(WSYR-TV) — Keith Thibodeaux was touring the country as a professional drummer with a big band at the age of 3. But it was his second job people really remember him for.
“When I go anywhere, people recognize me as Little Ricky,” said Thibodeaux.
That’s especially true in mid-October when “I Love Lucy” marks another anniversary. Thibodeaux is the sole surviving cast member from the landmark comedy. He took over the role from a set of twins in 1955. He has great memories of growing up on set with Lucille Ball and Desi Arnaz, who made him feel like part of their family.
“Desi would teach us kids how to fish and ride horses and, you know, we went to the race track. Jimmy Durante was there. He was giving us money to bet on the horses and tips,” recalled Thibodeaux.
Lucy and Desi were brilliant performers and terrific business leaders. She was the first woman to run a major Hollywood studio and he essentially created the television rerun.
“Desi Arnaz apparently was laughed at by CBS executives in a negotiation when he asked for the film canisters, basically the shows after they aired, and they said ‘who’s gonna want to watch it after it aired?‘,” said Journey Gunderson the National Comedy Center’s Executive Director. “How silly that seems now.”
In the late 80s, Lucy’s hometown in western New York, Jamestown, wanted to honor her with a museum. But she urged them to think bigger.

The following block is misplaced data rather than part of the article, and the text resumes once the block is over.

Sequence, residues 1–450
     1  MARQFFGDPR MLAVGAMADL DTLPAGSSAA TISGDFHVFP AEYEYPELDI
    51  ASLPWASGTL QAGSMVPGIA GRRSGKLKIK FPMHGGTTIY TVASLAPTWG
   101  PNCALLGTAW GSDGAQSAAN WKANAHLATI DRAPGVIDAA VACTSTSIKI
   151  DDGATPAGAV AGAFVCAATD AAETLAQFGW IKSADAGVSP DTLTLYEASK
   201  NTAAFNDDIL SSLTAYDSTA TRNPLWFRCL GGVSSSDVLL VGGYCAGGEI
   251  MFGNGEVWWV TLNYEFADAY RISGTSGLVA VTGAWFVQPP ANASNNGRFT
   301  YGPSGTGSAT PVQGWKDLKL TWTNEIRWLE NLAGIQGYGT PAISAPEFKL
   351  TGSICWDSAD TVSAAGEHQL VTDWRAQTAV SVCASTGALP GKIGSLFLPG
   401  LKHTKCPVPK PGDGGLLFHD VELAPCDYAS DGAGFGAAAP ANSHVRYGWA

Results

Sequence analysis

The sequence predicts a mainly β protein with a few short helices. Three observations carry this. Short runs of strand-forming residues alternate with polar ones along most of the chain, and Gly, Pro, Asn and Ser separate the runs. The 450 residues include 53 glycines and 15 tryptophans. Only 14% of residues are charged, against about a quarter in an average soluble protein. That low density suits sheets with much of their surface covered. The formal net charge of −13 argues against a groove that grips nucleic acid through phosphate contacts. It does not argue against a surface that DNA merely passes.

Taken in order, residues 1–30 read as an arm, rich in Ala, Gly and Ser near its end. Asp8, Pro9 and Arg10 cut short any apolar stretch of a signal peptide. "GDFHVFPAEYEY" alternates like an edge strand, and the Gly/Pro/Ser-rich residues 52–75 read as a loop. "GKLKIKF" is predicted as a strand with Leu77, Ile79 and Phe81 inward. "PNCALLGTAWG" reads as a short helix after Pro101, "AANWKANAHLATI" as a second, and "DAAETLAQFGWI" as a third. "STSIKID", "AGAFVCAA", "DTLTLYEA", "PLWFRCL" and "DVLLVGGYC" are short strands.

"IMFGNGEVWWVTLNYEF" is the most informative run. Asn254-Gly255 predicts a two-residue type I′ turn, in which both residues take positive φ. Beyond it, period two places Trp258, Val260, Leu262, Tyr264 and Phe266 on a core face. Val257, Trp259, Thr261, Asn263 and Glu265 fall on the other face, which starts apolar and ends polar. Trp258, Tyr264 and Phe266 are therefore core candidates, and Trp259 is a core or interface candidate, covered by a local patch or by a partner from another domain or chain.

“In 2018, we opened this, the National Comedy Center, that really covers comedy’s history in a way that’s not been done before,” said Gunderson.
The center hosts comedy superstars and seminars, and houses displays from stage, screen, TV, and radio, from Chaplin to Seinfeld and beyond. It’s closely aligned with the nearby Lucy/Desi Museum, which has been open since 1996.
When he’s not helping support the museums, Keith Thibodeaux and his wife run a ballet company in Mississippi. And he’s not really surprised people still love Lucy, even 65 years after he became Little Ricky.
“These shows will always be funny because they’re basically people, and they’re basically really people, cuz I know people like the Lucy character in real life. You know people like the Lucy character,” said Thibodeaux.
Both museums are now open Thursdays through Mondays in Jamestown, about four hours west of Syracuse.